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Avoid Stifling “Big Data” Innovation

Avoid Stifling “Big Data” Innovation

Lenard Files Comments with OSTP on Big Data Policy Implications

Contact: Amy Smorodin
(202) 828-4405

March 31, 2014 – The familiar remedies often suggested to address perceived privacy issues are ill-suited to the world of big data and are potentially a serious barrier to much of the innovation we hope to see from the big data revolution, states Technology Policy Institute President Thomas Lenard in comments filed today with the Office of Science and Technology Policy.

In his comments, Lenard suggests that when approaching privacy policy issues, “®he threshold question is whether there are harms that can be reduced by the adoption of privacy policies. Otherwise, there are no benefits to privacy regulation.” Lenard finds that, because the harms many posit are largely hypothetical, so are the purported benefits of proposed remedies.

Privacy remedies typically discussed are, however, likely to impose costs. For example, Lenard warns against limiting the re-use and sharing of data, explaining that “[b]ecause big data analysis involves finding correlations and patterns that might otherwise not be observable, it almost necessarily involves uses of data that were not anticipated at the time the data were collected.” In addition, many of the innovations often cited by policymakers use multiple sources of data, which involves transferring data to third parties.

Recommendations for greater transparency for consumers regarding data collection and use are “largely meaningless” in the era of big data because many scores and algorithms are based on hundreds of data points and very complex calculations, Lenard explains. Therefore, revealing how the data are used would result in minimal benefits to the consumer. In addition, making it easier for consumers to correct information would also make it easier for them to change a valid data point that may adversely affect a score or decision, or to add incorrect information to have a positive effect. Moreover, if we make it easier for individuals to access their data, then we also make it easier for those bent on fraud to access the same data.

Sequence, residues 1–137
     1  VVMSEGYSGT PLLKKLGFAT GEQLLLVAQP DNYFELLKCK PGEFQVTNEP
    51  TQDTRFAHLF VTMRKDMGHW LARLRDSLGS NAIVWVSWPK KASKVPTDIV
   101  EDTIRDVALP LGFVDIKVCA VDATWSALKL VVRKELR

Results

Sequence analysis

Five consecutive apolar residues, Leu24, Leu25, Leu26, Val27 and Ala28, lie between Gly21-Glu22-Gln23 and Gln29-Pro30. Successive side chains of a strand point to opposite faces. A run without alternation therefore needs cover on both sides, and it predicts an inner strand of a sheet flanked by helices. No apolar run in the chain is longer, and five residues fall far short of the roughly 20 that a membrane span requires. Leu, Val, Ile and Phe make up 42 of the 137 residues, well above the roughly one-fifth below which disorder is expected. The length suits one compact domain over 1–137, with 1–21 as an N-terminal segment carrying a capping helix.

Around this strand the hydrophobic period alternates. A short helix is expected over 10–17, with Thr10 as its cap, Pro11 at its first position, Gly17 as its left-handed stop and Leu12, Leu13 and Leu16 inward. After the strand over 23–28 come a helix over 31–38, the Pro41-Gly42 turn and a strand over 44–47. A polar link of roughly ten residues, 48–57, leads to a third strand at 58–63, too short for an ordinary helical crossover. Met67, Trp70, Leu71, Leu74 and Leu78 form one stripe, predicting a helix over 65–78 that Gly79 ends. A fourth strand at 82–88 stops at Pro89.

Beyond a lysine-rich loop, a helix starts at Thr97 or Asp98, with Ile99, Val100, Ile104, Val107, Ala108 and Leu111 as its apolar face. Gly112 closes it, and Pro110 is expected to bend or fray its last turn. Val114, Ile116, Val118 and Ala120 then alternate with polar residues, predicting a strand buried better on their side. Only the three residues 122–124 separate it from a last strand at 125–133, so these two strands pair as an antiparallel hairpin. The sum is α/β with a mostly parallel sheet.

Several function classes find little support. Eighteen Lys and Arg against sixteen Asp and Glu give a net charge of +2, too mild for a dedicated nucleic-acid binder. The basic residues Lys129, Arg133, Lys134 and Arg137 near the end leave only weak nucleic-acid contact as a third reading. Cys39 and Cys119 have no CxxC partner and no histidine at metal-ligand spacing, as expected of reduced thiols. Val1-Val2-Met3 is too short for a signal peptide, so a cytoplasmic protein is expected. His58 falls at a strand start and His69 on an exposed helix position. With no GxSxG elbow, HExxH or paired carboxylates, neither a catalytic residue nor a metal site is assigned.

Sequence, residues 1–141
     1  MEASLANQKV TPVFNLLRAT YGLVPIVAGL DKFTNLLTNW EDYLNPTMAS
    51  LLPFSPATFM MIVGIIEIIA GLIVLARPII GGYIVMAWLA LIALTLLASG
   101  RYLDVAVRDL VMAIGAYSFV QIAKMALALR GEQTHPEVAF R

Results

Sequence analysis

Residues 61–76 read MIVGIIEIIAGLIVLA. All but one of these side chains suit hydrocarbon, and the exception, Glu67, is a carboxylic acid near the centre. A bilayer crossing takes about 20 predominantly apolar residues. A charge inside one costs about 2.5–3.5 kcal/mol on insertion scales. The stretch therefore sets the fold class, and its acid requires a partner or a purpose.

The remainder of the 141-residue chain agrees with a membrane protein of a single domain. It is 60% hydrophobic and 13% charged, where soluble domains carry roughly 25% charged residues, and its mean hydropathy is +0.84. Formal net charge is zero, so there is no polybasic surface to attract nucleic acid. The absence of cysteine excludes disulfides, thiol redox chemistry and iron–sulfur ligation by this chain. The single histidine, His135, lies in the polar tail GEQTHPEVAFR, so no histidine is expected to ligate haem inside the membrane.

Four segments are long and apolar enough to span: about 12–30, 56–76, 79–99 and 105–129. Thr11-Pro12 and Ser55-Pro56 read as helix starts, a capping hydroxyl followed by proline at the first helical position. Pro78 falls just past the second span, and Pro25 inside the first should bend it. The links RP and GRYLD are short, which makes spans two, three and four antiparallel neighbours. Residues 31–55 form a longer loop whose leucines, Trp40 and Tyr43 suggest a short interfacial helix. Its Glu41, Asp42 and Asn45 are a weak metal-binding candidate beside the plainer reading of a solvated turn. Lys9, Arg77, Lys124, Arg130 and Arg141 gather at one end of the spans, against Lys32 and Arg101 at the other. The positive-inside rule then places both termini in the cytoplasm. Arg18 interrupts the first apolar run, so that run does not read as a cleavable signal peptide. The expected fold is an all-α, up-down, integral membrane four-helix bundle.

The comments are available on the TPI website. The related paper, “The Big Data Revolution: Privacy Considerations,” authored by Lenard and TPI Senior Fellow Paul Rubin, is also available.

The Technology Policy Institute

The Technology Policy Institute is a non-profit research and educational organization that focuses on the economics of innovation, technological change, and related regulation in the United States and around the world. More information is available at https://techpolicyinstitute.org/.

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